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Newsline - March 26, 1997

President Boris Yeltsin on 25 March ordered the government to do more to end wage delays and to help people who lost their savings in shady investment schemes, international agencies reported. Yeltsin ordered Prime Minister Viktor Chernomyrdin to submit a detailed personal report on the total size and causes of wage debts on 26 March, the day before a trade union national day of protest. Mindful of the violent unrest in Albania following the collapse of pyramid investment schemes, he also instructed the government to submit a draft law to parliament on improving investor protection and to issue quarterly reports on progress in helping defrauded savers. About 17 to 20 million Russians are thought to have lost money in dubious investment schemes, about 1,000 of which are operating in Russia, according to Interior Minister Anatolii Kulikov. -- Penny Morvant

Mikhail Shmakov, chairman of the Federation of Independent Trade Unions of Russia (FNPR), which is organizing the 27 March day of action, said on 25 March that about 17 million people will take part in rallies and other protests. He appealed to both workers and the authorities not to give in to acts of provocation but warned that "some political forces are fostering fear and hysteria around the forthcoming action and spreading rumors about pogroms and massive clashes," ITAR-TASS reported. Claiming that the protest has already yielded fruit, he noted the government's renewed attention to repaying wage debts. In some areas, protests are already occurring: pensioners in Samara, for example, picketed the oblast legislature building on 25 March to protest the doubling of rents in 1997, while Nezavisimaya gazeta noted that last week the 21st paratroop brigade, based in Stavropol, had refused to take part in manouvers in protest at wage arrears. -- Penny Morvant

Speaking to Russian Television (RTR) on 23 March, First Deputy Prime Minister Anatolii Chubais indignantly denied his interviewer's suggestion that there is a now a "coalition government" between centrists and radical reformers. Chubais objected in principle to the idea of making concessions to political parties to attract people into the government, saying this was a luxury which may come in three to five years time. He equivocated over the government's relations with the leaders of the utility monopolies, in one breath saying "we must work with them," in the next threatening to fire them if they do not cooperate. He praised new Deputy Prime Minister Alfred Kokh as such a "strong, professional" man that he will boost budget revenue to 15 trillion rubles a month, while without him it would have been 5 trillion. -- Peter Rutland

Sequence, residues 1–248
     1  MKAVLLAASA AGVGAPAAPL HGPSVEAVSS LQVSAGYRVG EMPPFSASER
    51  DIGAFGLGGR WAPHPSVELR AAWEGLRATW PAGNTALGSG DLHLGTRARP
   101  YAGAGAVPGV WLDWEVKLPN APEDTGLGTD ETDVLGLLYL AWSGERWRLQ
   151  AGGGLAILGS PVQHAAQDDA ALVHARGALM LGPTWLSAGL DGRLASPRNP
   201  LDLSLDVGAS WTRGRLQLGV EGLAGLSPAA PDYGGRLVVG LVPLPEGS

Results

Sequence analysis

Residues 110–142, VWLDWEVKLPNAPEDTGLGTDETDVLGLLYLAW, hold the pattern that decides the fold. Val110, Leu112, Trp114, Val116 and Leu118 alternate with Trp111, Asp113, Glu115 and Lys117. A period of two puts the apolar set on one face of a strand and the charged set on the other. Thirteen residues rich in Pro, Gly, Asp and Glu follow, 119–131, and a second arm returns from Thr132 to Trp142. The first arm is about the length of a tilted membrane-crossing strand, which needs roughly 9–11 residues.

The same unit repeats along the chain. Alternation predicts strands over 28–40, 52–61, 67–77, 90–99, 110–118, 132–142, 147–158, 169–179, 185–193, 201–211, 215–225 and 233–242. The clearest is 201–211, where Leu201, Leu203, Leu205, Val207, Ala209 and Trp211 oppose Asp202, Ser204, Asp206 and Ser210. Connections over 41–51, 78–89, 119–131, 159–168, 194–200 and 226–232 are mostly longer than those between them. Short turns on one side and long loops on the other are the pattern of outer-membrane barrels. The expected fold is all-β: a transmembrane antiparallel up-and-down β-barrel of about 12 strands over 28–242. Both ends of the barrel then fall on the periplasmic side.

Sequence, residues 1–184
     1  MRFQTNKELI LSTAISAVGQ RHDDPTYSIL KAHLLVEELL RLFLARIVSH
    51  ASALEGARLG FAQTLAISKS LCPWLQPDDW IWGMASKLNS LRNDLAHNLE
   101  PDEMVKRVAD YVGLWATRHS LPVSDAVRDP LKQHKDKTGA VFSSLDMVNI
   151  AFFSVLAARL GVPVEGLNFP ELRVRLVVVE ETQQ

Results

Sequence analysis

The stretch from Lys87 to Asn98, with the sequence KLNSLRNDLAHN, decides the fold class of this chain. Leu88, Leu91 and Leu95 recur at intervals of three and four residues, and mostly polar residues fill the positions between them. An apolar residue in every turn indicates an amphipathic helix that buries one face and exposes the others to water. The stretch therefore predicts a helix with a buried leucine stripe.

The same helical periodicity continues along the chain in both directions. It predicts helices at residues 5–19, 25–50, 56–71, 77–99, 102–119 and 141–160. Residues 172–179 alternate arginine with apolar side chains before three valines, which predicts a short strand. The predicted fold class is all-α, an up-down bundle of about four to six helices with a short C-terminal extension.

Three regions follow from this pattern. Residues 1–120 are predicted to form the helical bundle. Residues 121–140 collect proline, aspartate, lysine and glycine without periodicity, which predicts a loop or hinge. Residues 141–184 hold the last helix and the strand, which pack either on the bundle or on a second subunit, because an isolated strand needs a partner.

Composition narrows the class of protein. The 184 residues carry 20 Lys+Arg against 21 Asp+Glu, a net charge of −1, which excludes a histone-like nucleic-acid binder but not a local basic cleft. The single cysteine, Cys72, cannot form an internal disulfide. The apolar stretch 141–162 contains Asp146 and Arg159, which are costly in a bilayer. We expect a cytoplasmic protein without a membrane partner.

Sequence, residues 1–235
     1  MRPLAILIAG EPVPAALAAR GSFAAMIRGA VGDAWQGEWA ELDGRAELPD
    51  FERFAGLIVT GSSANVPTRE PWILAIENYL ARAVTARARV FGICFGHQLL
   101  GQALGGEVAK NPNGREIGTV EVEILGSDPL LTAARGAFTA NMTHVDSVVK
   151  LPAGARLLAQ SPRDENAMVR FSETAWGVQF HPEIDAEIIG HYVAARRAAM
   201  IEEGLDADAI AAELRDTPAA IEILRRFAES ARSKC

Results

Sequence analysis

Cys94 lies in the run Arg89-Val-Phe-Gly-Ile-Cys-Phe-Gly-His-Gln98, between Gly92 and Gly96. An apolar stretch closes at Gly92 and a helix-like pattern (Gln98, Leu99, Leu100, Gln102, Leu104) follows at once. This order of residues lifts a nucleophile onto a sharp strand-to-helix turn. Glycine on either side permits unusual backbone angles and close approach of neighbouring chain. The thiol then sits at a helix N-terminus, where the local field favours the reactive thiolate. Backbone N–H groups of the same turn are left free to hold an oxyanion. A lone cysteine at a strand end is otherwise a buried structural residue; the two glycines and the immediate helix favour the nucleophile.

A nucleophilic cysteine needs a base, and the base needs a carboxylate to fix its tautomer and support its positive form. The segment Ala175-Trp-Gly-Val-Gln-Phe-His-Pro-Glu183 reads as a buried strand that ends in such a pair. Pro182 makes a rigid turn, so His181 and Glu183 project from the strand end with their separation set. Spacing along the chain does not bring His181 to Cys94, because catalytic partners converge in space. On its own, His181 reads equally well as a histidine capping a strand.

Despite repeated attempts to lure State Duma deputies from his Yabloko movement into the government, Grigorii Yavlinskii said Yabloko members will not accept any cabinet posts, as "we are not at all convinced" that the government will adopt the social and economic policies Russia needs, ITAR-TASS and Radio Rossii reported on 25 March. However, Yavlinskii characterized the appointment of First Deputy Prime Minister Boris Nemtsov as the best personnel decision of late and promised to support Nemtsov "personally and professionally." He added that Yabloko will support the nationwide protest action planned for 27 March. -- Laura Belin

A spokesman for the Russian Federal Security Service on 25 March dismissed claims by Chechen Vice President Vakha Arsanov that groups in Russia intent on sabotaging the ongoing Russian-Chechen talks were recruiting renegade Chechens to perpetrate terrorist acts in Russian cities, ITAR-TASS reported. He attributed such claims to the inability of the Chechen leadership to control former fighters. Also on 25 March, ITAR-TASS reported that a meeting of Chechen field commanders held two days earlier had demanded that the Russian leadership extradite to Chechnya 70 persons considered traitors to the Chechen people, including pro-Moscow former President Doku Zavgaev and several of his aides. -- Liz Fuller

A photograph of the ITAR-TASS correspondent and three Radio Rossii journalists who were kidnapped in Chechnya in early March was delivered to the ITAR-TASS bureau in Grozny, the agency reported on 25 March. The four journalists signed appeals for help in a note attached to the photograph, which was dated 24 March. Kommersant-Daily reported on 26 March that the kidnappers have demanded a large ransom for the journalists. Two Russian Public TV (ORT) reporters were released in February after being held hostage for a month; although network officials denied paying any ransom, unofficial reports suggested up to $1 million had been paid to the kidnappers. The whereabouts of Italian photographer Mauro Galligani, who disappeared in Grozny in February, remain unknown. -- Laura Belin